How oxidation regulates cancer-causing gene

March 27th, 2009 - 5:06 pm ICT by ANI  

Washington, Mar 27 (ANI): A researchers duo at the University of Rhode Island has revealed how reactive oxygen species (ROS), a type of stress signal, regulate a cancer causing protein, called Src.

The findings may help understand how this protein normally behaves in human cells, and eventually help in designing drugs to target specific cancers.

Doctoral student David J. Kemble and Professor Gongqin Sun in the URI Department of Cell and Molecular Biology are the first to provide a biochemical mechanism describing how tyrosine kinases sense and respond to oxidation.

It was found that the sensing system was uniquely applicable to two families of proteins implicated in numerous cancers-the Src and Fibroblast Growth Factor Receptor families of tyrosine kinases.

Src was the first enzyme identified as a cancer-causing gene in the early 1900’s.

The researchers said that Src is a master regulator of cell function, controlling cell metabolism, division, and death.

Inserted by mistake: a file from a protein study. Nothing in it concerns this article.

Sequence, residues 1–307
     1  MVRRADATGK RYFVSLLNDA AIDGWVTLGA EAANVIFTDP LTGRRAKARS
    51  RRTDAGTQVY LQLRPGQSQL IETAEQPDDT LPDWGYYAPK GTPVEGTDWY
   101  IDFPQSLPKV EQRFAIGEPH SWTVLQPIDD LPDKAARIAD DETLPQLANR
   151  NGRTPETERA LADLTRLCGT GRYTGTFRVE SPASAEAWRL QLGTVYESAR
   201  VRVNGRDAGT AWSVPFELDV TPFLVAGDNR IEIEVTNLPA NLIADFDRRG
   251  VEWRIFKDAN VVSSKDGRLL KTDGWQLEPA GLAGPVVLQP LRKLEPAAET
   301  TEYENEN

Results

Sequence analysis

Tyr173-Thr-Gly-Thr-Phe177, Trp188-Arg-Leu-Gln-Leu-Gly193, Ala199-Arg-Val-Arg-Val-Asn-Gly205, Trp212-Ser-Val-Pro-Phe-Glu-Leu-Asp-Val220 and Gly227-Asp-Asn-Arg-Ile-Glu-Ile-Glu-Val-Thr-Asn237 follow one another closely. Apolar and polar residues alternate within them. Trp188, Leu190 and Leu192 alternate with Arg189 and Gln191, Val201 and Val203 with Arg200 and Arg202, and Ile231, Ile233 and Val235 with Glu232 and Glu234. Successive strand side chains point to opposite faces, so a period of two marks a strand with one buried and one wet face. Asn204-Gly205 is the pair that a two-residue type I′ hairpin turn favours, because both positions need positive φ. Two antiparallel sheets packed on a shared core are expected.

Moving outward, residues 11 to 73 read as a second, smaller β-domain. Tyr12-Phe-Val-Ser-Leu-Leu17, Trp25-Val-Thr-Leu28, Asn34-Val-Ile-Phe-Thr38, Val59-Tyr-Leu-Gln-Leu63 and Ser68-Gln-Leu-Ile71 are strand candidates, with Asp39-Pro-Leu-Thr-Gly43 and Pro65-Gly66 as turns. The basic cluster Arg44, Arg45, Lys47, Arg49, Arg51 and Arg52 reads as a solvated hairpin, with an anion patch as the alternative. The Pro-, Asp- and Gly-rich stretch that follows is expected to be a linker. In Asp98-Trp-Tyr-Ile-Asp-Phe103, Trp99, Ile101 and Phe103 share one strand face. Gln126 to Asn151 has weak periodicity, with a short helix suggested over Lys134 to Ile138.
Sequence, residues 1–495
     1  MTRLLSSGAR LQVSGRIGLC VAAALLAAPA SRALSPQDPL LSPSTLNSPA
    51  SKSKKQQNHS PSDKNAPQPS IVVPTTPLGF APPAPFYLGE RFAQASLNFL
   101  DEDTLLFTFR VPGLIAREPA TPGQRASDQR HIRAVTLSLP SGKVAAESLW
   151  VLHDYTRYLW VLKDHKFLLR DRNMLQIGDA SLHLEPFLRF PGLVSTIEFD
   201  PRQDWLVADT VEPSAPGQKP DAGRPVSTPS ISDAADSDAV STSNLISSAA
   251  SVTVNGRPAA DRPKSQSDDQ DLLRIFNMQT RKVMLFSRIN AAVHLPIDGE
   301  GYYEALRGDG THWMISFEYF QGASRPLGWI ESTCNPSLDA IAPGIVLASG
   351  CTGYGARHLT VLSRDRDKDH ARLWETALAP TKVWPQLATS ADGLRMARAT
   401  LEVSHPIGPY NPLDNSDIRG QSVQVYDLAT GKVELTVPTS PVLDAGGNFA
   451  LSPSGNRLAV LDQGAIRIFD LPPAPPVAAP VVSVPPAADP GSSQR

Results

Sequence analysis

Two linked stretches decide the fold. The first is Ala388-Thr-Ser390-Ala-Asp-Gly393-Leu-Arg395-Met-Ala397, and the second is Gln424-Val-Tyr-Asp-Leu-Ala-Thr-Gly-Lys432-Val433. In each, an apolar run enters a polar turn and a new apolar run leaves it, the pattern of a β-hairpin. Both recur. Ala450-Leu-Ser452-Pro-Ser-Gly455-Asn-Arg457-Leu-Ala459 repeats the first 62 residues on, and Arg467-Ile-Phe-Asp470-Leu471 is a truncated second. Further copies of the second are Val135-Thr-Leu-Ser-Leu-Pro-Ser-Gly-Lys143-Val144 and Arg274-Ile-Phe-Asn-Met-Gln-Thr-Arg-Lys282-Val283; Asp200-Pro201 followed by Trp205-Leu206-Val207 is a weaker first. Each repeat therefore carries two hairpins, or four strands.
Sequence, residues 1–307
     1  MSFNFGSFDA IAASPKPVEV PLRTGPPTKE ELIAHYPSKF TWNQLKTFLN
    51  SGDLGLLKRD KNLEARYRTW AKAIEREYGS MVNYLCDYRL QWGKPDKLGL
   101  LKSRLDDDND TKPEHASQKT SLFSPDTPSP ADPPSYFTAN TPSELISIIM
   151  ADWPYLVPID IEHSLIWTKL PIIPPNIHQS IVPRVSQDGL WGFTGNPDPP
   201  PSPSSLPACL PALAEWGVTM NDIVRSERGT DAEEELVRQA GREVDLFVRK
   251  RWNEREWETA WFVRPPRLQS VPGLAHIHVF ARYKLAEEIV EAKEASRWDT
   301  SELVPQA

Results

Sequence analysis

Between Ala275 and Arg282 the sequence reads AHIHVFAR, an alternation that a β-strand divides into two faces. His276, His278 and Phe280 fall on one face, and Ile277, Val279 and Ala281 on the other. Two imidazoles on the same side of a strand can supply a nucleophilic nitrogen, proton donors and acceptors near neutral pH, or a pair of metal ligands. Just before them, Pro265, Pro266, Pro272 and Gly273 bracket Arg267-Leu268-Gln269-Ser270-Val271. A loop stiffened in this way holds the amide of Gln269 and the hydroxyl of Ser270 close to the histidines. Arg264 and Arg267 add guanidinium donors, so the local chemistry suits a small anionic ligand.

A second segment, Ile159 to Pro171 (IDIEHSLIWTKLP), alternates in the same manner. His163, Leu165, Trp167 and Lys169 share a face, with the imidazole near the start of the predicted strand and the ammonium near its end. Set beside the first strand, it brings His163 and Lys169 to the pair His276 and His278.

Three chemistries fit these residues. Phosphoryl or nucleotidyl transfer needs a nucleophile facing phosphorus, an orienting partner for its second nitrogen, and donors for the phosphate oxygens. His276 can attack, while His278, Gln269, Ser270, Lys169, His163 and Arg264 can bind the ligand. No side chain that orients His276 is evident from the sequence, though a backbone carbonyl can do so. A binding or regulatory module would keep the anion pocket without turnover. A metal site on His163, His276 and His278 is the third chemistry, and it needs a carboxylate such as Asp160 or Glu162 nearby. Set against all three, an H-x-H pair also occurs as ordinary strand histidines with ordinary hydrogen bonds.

In normal cells, the function of Src is turned off, and it is turned on only when certain stimulatory signals activate it.

In case the regulatory mechanisms that control Src activity are disrupted, Src may be turned on all the time, which turns the host cell into a cancer cell. Thus, it is crucial to understand how Src function is controlled.

It is known that ROSs are produced when the cells are under growth stimulation, and regulate other cellular events.

Evidence has suggested that ROS can directly regulate the function of Src function, and thus indirectly control many cellular processes.

To understand how Src responds to this regulation, the scientists examined all the potential mechanisms, and identified the sensor that enables Src to respond to ROS regulation.

They found that the sensor was also present in several other similar enzymes, mostly in the FGFR family.

“Our results were surprising at first, given that the results contradict some reports in the literature. But there was always a very clear answer to each question we asked. It was both unusual and exciting to see things progress as smoothly as it did,” said Kemble.

Sun said that the mechanism of regulation represented just a small piece of the large puzzle of how Src is controlled in the cells.

“Src function is under the control of several different mechanisms; each one needs to fit in with the others to form a seamless regulatory system.” said Sun.

The results have been published online in the Proceedings of the National Academy of Sciences. (ANI)

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